There’s something classy about a plaque with a neatly rotary-engraved plate. Because rotary engraving traces the outline of each letter or shape and fills are created by repeating inset paths, you get an illusion of depth that can look stunning with the right design and lighting.
Lasers typically engrave in a fashion similar to how inkjet printers print: it scans back and forth across the surface, engraving the design one horizontal line at a time. That’s called raster engraving, but lasers can also perform vector engraving: it’s the same process as vector cutting, except your goal is to lightly carve the surface rather than cut straight through your material. Because of this flexibility, though, I realized that I might be able to recreate the beautiful depth effects you can create with rotary engraving.
I prepared a file in Illustrator, featuring a quote that Shelby wanted me to “engrave onto something sometime,” and used repeated Offset Path commands to recreate the way rotary engravers perform fills.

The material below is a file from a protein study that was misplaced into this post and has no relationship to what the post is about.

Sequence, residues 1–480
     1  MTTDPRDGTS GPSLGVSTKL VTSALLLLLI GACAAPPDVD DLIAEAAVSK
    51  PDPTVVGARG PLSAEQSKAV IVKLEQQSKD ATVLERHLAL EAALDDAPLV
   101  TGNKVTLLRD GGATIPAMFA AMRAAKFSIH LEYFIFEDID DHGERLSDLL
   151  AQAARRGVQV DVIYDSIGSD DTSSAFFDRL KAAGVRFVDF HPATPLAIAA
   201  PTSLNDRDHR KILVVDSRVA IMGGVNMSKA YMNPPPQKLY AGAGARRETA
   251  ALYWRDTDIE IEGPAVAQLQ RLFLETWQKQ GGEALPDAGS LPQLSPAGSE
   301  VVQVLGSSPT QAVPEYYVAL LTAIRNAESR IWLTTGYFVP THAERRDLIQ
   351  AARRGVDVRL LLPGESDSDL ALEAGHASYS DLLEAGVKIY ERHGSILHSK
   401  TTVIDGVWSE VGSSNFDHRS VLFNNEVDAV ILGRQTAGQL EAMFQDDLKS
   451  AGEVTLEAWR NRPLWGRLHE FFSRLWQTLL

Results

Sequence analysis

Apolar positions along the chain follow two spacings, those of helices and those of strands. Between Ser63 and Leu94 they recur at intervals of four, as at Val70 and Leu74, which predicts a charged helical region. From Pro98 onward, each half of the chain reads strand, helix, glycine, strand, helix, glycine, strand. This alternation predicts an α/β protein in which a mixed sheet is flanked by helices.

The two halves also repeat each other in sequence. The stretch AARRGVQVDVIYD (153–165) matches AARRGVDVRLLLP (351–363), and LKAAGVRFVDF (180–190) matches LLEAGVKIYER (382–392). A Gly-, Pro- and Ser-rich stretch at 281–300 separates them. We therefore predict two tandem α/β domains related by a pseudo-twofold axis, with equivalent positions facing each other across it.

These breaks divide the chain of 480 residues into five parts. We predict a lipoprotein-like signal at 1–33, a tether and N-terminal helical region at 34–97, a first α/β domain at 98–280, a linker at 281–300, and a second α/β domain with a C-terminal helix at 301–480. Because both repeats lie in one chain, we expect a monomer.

There were a few mistakes. I used too much power on the first engraving, which made for a line so thick that it obliterated any impression of the inset vector paths and faux-bolded the typeface. I engraved that first pass on my best plate, which left the revisions on plates without decorative borders. Then, I lowered the power on the second engraving, revealing that my paths were too loosely inset, resulting in awkward gaps in the letter forms. I engraved too lightly on the third pass, leaving the surface layer only partially engraved away and causing a faint green color cast on the engraved brass. My final mistake was engraving anything on that hideous purple marble print plate. Seriously, how could anyone read anything engraved on that?
Throughout the experimentation, though, I was never successful. That’s because rotary engraving actually carves little channels into the surface of the metal, which catches light differently and creates the illusion of depth. No matter how much power I shoot at it, my 40w laser isn’t going to leave a dent on metal, and no matter how little power I shoot at it, the surface material isn’t thick enough to provided a substitute channel.
Woo hoo, what a ride!